Agency Worker’s Rights

Mr Kocur and Ms Roberts were both flexible workers for a company providing Royal Mail with agency workers. They brought several claims under the Agency Workers’ Regulation for breaches of their rights to equivalent terms.

The case was recently dealt with by the Court of Appeal, covering whether agency workers have a right to be offered equivalent hours to comparable permanent staff.

Kocur and Another V Angard Staffing Solutions Limited

Mr Kocur and Ms Roberts were both flexible workers who were provided by Angard Staffing Solutions Limited to Royal Mail Group Limited as agency workers.

Regulation 5 of the Agency Workers Regulations 2010 provides for an agency worker to receive the same basic working conditions and employment conditions as if they had been recruited via other methods. Under the Regulations this includes terms relating to the “duration of working time”. This right kicks in after 12 weeks’ engagement.

The claimants made ten claims that their rights provided by regulation 5 had been infringed. These included the late payment of Christmas bonuses in 2017, the exclusion from worktime learning sessions, exclusion from the overtime issuing system, the issuing of longer shifts, the deduction of breaks, the use of rolled up holiday pay, the averaging of payslips, the scheduling of shorter shifts, the allocation of fewer night shifts and the difference of hours worked between agency workers and permanent employees.

They also made a claim under regulation 13, namely that their right to apply for internal vacancies had been infringed. Regulation 13 allows an agency worker ‘the right to be informed of any relevant vacancies and the equal chance as a comparable worker to find permanent employment with the hirer.’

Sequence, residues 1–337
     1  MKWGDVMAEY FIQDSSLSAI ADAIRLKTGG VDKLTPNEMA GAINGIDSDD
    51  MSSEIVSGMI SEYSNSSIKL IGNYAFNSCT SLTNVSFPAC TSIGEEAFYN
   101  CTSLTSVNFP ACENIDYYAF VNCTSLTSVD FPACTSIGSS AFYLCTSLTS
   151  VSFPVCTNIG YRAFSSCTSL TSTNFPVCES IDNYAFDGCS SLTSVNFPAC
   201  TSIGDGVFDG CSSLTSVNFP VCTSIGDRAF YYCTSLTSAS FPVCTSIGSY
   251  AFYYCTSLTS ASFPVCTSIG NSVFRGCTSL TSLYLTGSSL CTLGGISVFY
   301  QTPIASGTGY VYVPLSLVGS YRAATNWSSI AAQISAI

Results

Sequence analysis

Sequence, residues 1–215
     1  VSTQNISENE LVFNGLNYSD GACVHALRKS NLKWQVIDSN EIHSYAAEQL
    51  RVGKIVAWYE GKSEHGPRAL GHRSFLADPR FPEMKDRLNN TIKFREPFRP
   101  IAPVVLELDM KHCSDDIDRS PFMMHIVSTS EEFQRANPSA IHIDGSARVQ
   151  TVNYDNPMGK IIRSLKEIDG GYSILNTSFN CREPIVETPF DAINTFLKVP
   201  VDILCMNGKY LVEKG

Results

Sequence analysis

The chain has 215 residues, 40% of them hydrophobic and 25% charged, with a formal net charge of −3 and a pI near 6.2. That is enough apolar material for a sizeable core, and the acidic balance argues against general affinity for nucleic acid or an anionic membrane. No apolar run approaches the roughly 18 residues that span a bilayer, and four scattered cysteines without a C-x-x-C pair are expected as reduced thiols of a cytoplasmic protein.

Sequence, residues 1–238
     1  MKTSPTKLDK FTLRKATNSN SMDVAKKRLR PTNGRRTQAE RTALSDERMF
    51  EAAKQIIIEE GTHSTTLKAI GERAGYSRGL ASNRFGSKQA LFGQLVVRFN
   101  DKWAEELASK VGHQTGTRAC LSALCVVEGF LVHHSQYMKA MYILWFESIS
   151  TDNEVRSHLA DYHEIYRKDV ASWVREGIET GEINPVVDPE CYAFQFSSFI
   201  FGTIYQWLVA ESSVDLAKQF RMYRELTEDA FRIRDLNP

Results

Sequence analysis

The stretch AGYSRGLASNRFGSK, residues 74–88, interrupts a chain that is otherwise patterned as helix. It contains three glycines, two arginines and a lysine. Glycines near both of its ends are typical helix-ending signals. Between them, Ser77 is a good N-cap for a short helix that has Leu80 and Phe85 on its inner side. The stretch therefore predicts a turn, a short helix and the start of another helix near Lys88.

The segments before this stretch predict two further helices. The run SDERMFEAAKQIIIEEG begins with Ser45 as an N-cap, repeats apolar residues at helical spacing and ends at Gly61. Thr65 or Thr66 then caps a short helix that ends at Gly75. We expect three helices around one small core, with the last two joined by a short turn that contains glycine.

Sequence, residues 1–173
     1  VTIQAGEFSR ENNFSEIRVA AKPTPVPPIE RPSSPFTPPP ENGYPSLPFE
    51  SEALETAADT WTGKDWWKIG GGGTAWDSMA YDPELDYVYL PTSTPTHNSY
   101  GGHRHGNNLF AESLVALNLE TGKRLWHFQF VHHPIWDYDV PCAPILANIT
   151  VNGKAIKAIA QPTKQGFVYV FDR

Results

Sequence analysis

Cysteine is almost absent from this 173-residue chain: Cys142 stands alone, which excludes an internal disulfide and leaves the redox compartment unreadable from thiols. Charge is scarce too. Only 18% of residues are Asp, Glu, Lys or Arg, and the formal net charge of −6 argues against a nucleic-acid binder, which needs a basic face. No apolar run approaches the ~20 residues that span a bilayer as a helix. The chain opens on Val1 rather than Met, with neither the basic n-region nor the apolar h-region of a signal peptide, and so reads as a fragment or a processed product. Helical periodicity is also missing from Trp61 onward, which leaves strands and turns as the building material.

Four claims made under Regulation 5 were well founded. The claimants received financial awards to cover late bonuses and the deduction of breaks. The other two successful claims were the issuing of longer shifts and the use of rolled up holiday pay. They also succeeded in their claim under Regulation 13.

The part of the claim which did not succeed and which was appealed concerned the allocation of hours to the workers. Mr Kocur argued, relying on the “terms relating to the duration of working time” wording of the Regulations, that he should have been allocated the same number of hours as permanent staff after 12 weeks (39 hours).  The Employment Appeal Tribunal gave this short shrift, finding that such an interpretation would remove the flexibility created by engaging agency workers and would also create a situation where agency workers could cherry-pick a comparable employee whose working hours they happened to want to do.


The Court of Appeal agreed with the EAT and dismissed the appeal. It also went a step further in finding that the wording “duration of working time” means “the duration of any period during which the individual is working”. It can only ever relate to the length of time someone is working continuously, such as a working day or shift. It cannot relate to the entire working week or month or the allocation of shifts. The Court said that nobody would describe someone working full-time as working for a “period” of 39 hours in a week.


The decision in this case is perhaps unsurprising, mainly for the reasons given by the EAT. An interpretation of the Regulations which required agency workers to be offered the same number of hours as any permanent employee they could choose would be perverse. It would also defeat the object of agency workers, usually being to plug gaps which may temporarily exist or to engage as demand rises and falls.

If you have any queries in relation to agency workers, flexible working or any other HR queries, please contact our employment team on 01228 552600 or 01524 548494.

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